And how could we be surprised at this point? Ever since since August 14th, when the Supreme Tribunal ruled that there had been no military rebellion on April 11th, groups of chavistas have been using guns on us more and more often. Especially since the start of 2003, the uptick in chavista violence is unmistakable. Attacks have happened all over the country, from Margarita to Punto Fijo, from big cities like Caracas and Valencia to tiny little villages like Socopó, in Barinas State, Carayaca and forgotten little hamlets in Guayana. This cannot be a coincidence; it's absurd to think that chavistas all over the country suddenly all decided to start attacking opposition gatherings at the same time. This is part of a plan.

(And I know I sound like a crazed opposition radical when I write that, and I hate to sound like those people, but the evidence is no longer ambiguous here.)

The gunmen have been fully identified several times now by stunningly brave amateur cameramen. The private TV stations - you know, the ones Chávez wants shut down (I wonder why?) - play the videos again and again. But the government never acts against these people. The only gunman now in detention is Joao de Gouveia, who wound up in jail merely because he broke the 11th commandment of the chavista shooter: if you're shooting in an opposition-controlled area, then for chrissake don't get caught be a municipal cop.

Yet even by the standards of this gradual routinization of violence, yesterday's shooting spree against the opposition in Charallave was especially troubling. On several levels. First off, because the opposition wasn't even ambushed, as in so many other occassions, by government supporters waiting at the end of their march path. No, this time, the gunmen were literally delivered to the march's starting point, opening fire from the roofs of speeding jeeps as a huge crowd of all ages and genders was getting ready to start marching. (Again, one very gutsy home video enthusiast has the footage to prove it.)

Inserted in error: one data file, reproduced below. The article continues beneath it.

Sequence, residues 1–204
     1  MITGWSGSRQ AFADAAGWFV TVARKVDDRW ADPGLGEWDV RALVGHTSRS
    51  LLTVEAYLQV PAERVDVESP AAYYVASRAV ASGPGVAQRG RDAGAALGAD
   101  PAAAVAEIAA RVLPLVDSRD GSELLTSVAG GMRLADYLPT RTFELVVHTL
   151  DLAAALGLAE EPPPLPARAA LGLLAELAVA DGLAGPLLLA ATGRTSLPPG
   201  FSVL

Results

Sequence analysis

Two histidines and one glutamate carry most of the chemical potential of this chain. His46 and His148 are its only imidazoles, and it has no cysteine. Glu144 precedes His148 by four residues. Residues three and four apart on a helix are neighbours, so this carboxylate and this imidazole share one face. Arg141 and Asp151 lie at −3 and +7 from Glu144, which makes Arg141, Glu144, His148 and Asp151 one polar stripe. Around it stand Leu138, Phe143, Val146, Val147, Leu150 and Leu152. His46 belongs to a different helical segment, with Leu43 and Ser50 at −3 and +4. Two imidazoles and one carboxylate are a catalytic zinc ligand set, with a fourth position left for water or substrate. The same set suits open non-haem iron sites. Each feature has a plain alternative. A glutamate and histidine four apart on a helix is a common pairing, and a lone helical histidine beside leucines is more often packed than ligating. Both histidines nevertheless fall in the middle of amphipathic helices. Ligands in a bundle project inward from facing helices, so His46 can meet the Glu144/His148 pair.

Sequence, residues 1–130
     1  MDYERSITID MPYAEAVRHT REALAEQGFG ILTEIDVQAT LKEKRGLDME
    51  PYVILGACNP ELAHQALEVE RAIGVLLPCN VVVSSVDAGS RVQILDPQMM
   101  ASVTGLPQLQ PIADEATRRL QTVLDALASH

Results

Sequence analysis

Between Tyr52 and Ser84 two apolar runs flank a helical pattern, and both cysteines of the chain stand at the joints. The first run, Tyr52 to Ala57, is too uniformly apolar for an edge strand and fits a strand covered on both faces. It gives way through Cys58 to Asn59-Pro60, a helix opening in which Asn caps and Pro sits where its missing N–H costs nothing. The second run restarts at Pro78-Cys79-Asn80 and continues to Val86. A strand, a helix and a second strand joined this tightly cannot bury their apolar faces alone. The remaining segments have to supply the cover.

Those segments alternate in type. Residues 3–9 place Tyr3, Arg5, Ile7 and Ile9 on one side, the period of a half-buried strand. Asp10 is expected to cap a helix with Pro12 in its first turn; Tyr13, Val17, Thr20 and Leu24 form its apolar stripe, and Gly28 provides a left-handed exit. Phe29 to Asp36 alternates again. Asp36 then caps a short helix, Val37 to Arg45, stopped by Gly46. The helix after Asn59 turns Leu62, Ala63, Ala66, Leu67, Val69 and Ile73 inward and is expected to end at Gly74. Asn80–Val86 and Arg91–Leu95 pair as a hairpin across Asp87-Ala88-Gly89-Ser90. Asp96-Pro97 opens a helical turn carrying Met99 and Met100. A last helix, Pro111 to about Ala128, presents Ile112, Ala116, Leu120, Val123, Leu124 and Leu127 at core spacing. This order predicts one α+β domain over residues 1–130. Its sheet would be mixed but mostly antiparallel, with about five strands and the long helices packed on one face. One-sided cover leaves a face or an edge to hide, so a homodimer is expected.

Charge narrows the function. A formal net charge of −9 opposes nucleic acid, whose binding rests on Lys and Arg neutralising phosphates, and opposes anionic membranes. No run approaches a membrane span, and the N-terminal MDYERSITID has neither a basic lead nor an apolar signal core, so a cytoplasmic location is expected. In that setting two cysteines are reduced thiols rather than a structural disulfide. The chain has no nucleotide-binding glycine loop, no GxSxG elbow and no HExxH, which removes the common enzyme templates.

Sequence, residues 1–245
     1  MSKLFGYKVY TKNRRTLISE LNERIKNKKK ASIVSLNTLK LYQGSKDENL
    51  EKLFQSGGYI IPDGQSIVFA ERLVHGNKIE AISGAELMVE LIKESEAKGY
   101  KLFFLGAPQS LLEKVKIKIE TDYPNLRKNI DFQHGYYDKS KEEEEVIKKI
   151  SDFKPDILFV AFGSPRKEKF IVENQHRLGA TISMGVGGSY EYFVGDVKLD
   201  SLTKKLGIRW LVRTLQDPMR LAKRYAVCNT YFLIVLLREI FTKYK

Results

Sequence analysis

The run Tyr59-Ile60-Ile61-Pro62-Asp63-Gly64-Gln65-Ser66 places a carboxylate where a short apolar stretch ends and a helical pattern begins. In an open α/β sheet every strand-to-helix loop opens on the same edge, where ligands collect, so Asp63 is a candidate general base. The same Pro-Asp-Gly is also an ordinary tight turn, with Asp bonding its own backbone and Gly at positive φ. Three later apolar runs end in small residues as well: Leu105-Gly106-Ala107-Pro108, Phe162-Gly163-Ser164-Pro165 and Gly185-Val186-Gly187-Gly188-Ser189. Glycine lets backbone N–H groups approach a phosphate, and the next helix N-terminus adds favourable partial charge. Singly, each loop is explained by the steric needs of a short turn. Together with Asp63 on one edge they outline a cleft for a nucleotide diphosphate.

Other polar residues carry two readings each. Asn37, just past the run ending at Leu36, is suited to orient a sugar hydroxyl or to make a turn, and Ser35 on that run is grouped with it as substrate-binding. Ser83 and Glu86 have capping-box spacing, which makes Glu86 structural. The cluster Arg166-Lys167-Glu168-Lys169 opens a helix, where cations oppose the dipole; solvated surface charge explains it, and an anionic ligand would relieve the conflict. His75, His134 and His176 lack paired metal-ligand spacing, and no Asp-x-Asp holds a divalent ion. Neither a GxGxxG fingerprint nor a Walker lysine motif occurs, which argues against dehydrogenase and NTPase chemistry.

So there was no question of "clashing crowds" here, or "policemen trying to keep the groups apart" or any of the standard repertoir of obfuscation and smoke-screening the government usually employs to keep their denials plausible. None of that. Just a large crowd of people "armed only with flags and whistles" as the cliché goes, suddenly and randomly attacked for no reason at all other than being opposed to the autocrat.

When you peel away all of the nonsense and the visceral outrage and you just stare that situation straight in the face, what word comes to mind? And I am mindful of the way the term has been abused for political gain over the last 17 months, but when I look at what happened in Charallave yesterday I can think of only one word to describe it: terrorism.

And state terrorism, at that.

It's not just the incredible cowardice of the attack, its openness, its shamelessness. Perhaps even worse is the way the chavista mayor of Charallave more or less claimed responsibility for the attacks, in a statement that can't be that far off from what Hezbollah issues after shooting up some Israeli settlers. After proudly announcing that Charallave is | chavista territory,| mayor Marisela Mendoza said she hoped "it won't even occur to the opposition to try to march here again," apparently not fully aware that she was coming perilously close to confessing to being an accessory to murder. Because, oh yes, did I forget to mention that? Among the dozens of wounded there was one guy who never made it out of that march.

But then, in Venezuela, that barely counts as news these days.

The fear, the very widespread fear, is that we're only starting to see the top few inches of the tip of a distant iceberg here. I don't think there's any doubt anymore that the government has armed many, many of its civilian supporters, trained them, and is now working on getting them used to shooting at us when the order comes without thinking twice. That charming Mayor Mendoza there makes it achingly clear that some of them no longer feel the need to go through the motions of covering up their tracks. It's a fantastically dangerous situation.

It's just a fantastically dangerous situation.